There are, now, two profound paradoxes at the heart of American race relations. The first is very evident to anyone who keeps abreast of the news: It is the fact that in the final year of the nation’s first black president, there was growing pessimism and outrage about race in the nation. This is reflected in the Black Lives Matter movement; demonstrations against racism on campuses; outrage over the repeated killing of black youth by police officers; and a general sense that racial progress has stalled and may even be getting worse. A recent Kaiser Foundation study reports that almost two-thirds of the public (64 percent) say racial tensions have increased in the country over the past decade.
What happened to the optimism and triumphalism about American democracy and racial progress that greeted the historic election of President Barack Obama in 2008? How, of all times since the 1960s, could the nation now find itself in anguished discussions, with popular works such as Ta-Nehisi Coates’ Between the World and Me little more than cries of hopelessness about its racial failures?
This first paradox—call it the Obama Paradox—must be seen in terms of a broader and deeper contradiction. After centuries of exclusion, black Americans have been almost wholly accepted into the public sphere of American life and are central to the nation’s definition of itself as a political and social community. And yet, at the same time, black Americans remain extraordinarily excluded from most regions of the nation’s private sphere: They are as segregated as ever, have remarkably few intimate friendships with non-blacks, and are the most endogamous group in the nation. This apartness from the nation’s private sphere—two eminent sociologists have labeled it “American apartheid”—has worsened even as their public integration has greatly increased. A black man was twice elected to the presidency; blacks have occupied the nation’s major public offices: senators, governors, secretary of state, attorneys general, the chairmanship of the Joint Chief of Staff; and they are a major presence at all levels of the nation’s cultural life. And yet it is not inaccurate to say that at the private level they are still a largely excluded group, the great majority living in hypersegregated neighborhoods of concentrated poverty, misery, and violence, or else in picket-fenced middle-class communities that are best described as gilded racial ghettos.
One striking expression of the view of blacks as outsiders among a significant segment of the population was the insistent belief that the black president of the nation was not born in America, a foreigner who had stolen “our nation” which “we want back.”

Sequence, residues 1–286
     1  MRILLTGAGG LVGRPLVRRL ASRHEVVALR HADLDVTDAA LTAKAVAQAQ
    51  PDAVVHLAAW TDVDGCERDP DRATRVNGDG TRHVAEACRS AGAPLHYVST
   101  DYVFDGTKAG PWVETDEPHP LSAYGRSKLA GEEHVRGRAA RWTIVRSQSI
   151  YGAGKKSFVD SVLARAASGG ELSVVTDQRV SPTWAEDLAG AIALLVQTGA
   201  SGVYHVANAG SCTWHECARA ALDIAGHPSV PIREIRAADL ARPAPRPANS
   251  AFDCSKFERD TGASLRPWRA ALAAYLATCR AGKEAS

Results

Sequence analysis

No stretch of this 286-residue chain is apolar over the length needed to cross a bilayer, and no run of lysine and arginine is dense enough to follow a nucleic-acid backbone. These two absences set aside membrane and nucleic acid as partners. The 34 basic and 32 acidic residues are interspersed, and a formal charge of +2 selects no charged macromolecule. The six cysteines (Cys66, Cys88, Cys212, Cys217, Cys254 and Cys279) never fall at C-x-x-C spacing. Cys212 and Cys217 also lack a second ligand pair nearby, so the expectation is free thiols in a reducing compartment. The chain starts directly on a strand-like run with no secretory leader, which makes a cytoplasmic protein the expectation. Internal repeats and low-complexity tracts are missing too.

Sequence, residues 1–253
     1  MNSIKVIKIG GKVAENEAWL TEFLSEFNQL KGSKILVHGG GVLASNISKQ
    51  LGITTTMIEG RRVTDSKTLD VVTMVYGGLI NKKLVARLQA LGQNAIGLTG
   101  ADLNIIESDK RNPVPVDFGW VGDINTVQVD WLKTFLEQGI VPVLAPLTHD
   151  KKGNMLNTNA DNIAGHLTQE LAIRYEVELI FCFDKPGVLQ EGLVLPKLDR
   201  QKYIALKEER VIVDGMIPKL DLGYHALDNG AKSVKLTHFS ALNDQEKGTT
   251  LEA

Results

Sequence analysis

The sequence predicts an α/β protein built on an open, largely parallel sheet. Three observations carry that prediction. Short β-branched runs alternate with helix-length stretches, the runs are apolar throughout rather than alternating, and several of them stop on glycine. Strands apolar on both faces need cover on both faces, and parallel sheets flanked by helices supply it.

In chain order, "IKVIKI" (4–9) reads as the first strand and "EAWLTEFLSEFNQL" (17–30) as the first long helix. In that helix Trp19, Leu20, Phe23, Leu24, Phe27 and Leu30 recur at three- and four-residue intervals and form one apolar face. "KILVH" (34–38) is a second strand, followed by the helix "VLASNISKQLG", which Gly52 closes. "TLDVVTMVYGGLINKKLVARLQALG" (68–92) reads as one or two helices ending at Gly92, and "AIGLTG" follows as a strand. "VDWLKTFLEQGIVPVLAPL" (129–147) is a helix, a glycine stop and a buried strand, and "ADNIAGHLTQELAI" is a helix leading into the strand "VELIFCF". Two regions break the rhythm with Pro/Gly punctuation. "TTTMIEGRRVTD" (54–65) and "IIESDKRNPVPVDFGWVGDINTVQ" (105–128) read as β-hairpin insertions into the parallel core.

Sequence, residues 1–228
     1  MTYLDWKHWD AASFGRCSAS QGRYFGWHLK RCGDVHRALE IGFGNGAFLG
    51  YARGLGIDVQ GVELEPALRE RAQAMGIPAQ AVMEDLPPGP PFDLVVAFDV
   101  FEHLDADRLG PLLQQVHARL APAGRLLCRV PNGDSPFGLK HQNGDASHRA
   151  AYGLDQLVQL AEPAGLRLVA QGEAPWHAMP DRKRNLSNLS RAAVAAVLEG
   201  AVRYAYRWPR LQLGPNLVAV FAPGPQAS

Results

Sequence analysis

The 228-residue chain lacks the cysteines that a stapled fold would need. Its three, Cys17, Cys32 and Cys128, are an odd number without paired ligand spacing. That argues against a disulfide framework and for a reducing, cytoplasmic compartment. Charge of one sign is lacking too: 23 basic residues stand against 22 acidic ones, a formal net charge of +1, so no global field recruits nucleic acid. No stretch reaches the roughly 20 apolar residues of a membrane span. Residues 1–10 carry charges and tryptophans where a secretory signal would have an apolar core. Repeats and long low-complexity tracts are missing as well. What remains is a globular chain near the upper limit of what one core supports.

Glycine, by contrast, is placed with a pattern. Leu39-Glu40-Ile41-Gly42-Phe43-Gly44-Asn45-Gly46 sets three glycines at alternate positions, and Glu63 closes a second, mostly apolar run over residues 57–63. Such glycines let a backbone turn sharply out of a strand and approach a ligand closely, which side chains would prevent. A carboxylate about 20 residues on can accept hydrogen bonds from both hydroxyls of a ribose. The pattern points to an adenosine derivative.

The other side of our paradox is the persisting poverty and apartness of most nonelite blacks from the nation’s private life. There was moderate absolute growth in the black median household income between the 1960s and present, but when we compare income change with that of white Americans we find that the gap has remained the same. In 1967, black median household income was 65.5 percent of the median white household income; in 2013 it was exactly the same. As is now well known, the staggering growth in inequality negatively affects all but the wealthiest Americans, but the black poor have suffered disproportionately. The poverty rate for blacks, having declined during the Clinton years from 32.9 percent in 1992 to 21.2 percent in 2000 (the lowest on record), climbed to 24.5 percent in 2007 and now stands at 27.4 percent. compared with 9.9 percent for whites. Early childhood poverty is now recognized as a reliable predictor of later poverty and social maladjustment, so it is alarming that 46 percent of black children under age 6 are living in poverty. The top-down nature of the economic gains is most strikingly reflected in the fact that inequality within the black group is substantially greater than it is among whites and the nation at large. Among blacks, the mean household income of the top fifth is 20 times that of the poorest fifth, compared with a multiple of 12 in the nation at large.
In light of all these profound social contradictions, what should our newly inaugurated president do?